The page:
I gave him a 30-page hardbound book, the most elaborate of all the letters I gave him in the past years. He read it in a van while we were on our way home. I wrote the book to explain to him why I loved him. He read the first page. He saw three words then looked at me to confirm if what was written is true. I motioned him to read on.
We had been quiet for what seemed like an eternity when he decided to speak up. He told me how much he cherishes our friendship and how thankful he was for having me. He said I just confirmed what he knew all along. He assured me the friendship will not change. But he had to clarify something:
“I can’t be a man for you.”
Without giving it a thought, I just blurted out: “it’s okay.”
I told him I wasn’t really expecting anything.
He responded with a reassuring “okay.”
Telling him about my feelings felt as if I was “coming out.” After a long time, I could finally spend time with him without my inner demons policing me. I could finally be extra nice to him without masking it under the guise of friendship.
There’s a certain stigma attached to loving a gay man who is also stigmatized because of his sexual orientation. Women who have experienced this often look at it as a mistake, a vital part of one’s learning curve. It was supposedly stupid and irrational because the rule book doesn’t support it.
But who created rule books anyway? I don’t regret loving him. Can’t we just be blind with gender and sexuality and for once just accept love as a matter of fact?
What’s worse than a friendzone? A gay friendzone.
My gay best friend told me I was the girl version of his boyfriend. I became his backup plan, always filling in for his boyfriend’s company whenever they fight. If I declined his invitations, he would think it’s because I was keeping my feelings in check. If I accepted them, he would think it’s because I’m very eager to be with him.
I became a jealousy-generator. He loved the feeling that his girl best friend and his boyfriend were fighting over him. As much as I wanted to tell his boyfriend that I was not a threat to the relationship, I knew I could not fault him for thinking otherwise.
I became his go-to girl all the more. He would confide in me whenever they break up and whenever they get back together. I refrained from giving him my advice. I knew doing so would only expose my bias. I felt like somehow I was hanging on to every cue that things might change. After all, we both believe that gender is fluid.
I was ready to take that leap: my love for him transcended the bounds of gender and sexuality.
The End to Martyrdom
November 16, 2011.
He asked me to accompany him to a mall to buy a new phone because his boyfriend couldn’t make it. I told him he shouldn’t ask me to do such things because we both knew how his boyfriend would feel about it.
“This is too-girlfriend,” I insisted.
He corrected me and said: “No, too-boyfriend.”
As soon as we arrived at the mall, he changed his mind. He said he’d treat me at a pizza place instead. His boyfriend texted him and said he’d be there in an hour. He asked me to join them for a movie instead — and to sit beside me so his boyfriend would get jealous and regret not accompanying him.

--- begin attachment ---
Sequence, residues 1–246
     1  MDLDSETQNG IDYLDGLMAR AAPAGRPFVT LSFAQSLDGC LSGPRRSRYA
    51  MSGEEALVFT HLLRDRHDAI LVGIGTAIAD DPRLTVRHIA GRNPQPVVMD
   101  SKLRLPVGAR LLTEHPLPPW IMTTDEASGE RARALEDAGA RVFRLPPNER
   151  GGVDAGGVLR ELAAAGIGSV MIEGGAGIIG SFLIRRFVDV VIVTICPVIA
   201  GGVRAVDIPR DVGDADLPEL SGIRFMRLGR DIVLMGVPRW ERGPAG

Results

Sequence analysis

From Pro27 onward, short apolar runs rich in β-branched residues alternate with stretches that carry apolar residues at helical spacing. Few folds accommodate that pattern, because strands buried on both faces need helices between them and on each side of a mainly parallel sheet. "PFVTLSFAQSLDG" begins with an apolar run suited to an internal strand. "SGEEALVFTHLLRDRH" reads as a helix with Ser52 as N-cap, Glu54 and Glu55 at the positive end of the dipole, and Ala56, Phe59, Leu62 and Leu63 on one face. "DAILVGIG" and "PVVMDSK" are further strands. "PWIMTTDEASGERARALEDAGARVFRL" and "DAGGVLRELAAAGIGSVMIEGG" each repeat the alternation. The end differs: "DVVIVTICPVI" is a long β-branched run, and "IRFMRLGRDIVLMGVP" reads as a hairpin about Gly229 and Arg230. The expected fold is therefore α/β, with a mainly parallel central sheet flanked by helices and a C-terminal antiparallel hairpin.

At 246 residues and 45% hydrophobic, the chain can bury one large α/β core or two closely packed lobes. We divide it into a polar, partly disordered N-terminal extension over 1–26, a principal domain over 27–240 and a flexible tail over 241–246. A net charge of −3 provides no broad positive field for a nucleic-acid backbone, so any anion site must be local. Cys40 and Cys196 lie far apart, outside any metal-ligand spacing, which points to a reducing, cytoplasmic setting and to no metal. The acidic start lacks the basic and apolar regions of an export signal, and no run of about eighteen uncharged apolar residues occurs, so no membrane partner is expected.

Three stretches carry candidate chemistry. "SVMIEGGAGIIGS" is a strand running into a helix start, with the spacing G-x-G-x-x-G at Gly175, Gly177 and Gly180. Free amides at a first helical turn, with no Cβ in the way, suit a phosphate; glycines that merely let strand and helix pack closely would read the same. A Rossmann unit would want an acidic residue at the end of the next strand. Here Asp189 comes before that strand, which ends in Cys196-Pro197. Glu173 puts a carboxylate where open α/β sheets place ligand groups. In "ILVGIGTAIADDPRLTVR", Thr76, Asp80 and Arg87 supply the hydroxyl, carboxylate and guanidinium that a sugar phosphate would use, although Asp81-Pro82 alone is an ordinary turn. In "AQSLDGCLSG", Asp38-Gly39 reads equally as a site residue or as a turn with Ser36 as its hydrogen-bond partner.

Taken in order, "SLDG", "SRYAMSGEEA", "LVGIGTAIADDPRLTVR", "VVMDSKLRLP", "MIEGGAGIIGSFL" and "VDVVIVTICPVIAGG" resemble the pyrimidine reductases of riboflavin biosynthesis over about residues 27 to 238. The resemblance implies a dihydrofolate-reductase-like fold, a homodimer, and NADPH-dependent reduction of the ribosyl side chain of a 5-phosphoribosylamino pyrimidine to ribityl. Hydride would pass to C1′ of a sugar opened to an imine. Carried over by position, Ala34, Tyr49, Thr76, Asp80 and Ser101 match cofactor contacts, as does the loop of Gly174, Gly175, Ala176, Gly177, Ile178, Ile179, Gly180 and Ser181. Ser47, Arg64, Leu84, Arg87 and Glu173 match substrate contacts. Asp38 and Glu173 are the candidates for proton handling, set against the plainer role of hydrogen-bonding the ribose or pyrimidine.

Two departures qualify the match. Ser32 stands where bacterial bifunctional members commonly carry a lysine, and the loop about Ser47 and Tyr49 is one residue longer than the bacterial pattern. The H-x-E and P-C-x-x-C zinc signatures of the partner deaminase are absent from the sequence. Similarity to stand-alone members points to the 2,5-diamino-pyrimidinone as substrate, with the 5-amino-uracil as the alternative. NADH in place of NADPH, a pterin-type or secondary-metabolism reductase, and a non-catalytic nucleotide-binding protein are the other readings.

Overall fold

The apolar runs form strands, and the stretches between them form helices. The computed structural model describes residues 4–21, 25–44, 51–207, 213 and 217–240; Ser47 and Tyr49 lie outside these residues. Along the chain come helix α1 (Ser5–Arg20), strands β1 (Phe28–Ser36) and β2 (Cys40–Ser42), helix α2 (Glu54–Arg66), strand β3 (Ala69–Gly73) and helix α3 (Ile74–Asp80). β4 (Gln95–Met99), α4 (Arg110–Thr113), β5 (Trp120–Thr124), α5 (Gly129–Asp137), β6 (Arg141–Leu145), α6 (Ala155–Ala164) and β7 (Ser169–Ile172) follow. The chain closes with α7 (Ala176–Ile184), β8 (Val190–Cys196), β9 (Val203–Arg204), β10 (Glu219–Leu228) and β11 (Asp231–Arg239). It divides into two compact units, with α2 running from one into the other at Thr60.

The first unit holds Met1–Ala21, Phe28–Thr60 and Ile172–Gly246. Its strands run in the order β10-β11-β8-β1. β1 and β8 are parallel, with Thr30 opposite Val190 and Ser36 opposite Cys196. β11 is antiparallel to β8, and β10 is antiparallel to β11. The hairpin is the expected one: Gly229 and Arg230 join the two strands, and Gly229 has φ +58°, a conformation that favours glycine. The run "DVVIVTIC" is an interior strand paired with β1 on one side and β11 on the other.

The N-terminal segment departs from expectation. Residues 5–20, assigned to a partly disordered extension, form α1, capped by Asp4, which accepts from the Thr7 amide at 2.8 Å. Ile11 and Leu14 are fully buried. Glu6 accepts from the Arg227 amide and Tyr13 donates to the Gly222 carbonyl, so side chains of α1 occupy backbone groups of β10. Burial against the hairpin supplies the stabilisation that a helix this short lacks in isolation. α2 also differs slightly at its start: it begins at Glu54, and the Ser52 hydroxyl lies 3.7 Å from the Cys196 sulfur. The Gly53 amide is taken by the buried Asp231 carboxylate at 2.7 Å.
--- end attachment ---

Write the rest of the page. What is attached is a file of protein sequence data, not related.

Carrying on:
“Ano ako, third wheel?” I blurted out, annoyed. (What do you think of me? A third wheel?)
Everybody loves attention; that’s the most I got from our setup. I knew he was taking advantage of my feelings, keeping me around so he’ll have someone everytime they break up. But I couldn’t fault him because I knew I gave him license to do so — ever since that day when I became upfront with my feelings for him.
My friends were like bees buzzing through my ears. They kept on telling me that my situation was so hopeless; they were already preparing to build a statue for my martyrdom. I kept convincing myself I was okay with it until one day, my common sense woke up.
This cannot go on anymore.
Goodbye, Beki Love
April 22, 2012.
I wore his sablay (a fabric sash worn by graduating students in the University of the Philippines) in my graduation. We met up after the ceremony. He gave me my favorite dark chocolate almonds Ritter Sport and a book entitled “All About Me.” He congratulated me. We said our goodbyes.
That was my cue.
Enough of me being all about him, from then on I thought, maybe it was time to be ‘all about me.’
July 7, 2014.
I asked him if he has already revealed his identity to everybody. He told me he has only done that to 70% of the people he knew. Four years after his ‘coming out,’ and decades after he first realized his gender identity, he still keeps that part of him from 30% of the people he knew.
Too bad that 30% would miss out on how great a person he has become.
[Entry 32, The SubSelfie Blog]
About the Author:
Dawnavie Dadis is a Segment Producer for DocuCentral, the special projects arm of ABS-CBN Integrated News and Current Affairs. Doing the laundry is her form of mediation. The shower is her territory for musings. She is a story and a story-teller. She previously worked for GMA News as a Segment Producer for News TV Quick Response Team (QRT) with Jiggy Manicad and as a News Producer for the morning newscasts Unang Hirit and Kape’t Balita. Journalism 2012, UP Diliman. Read more of her articles here.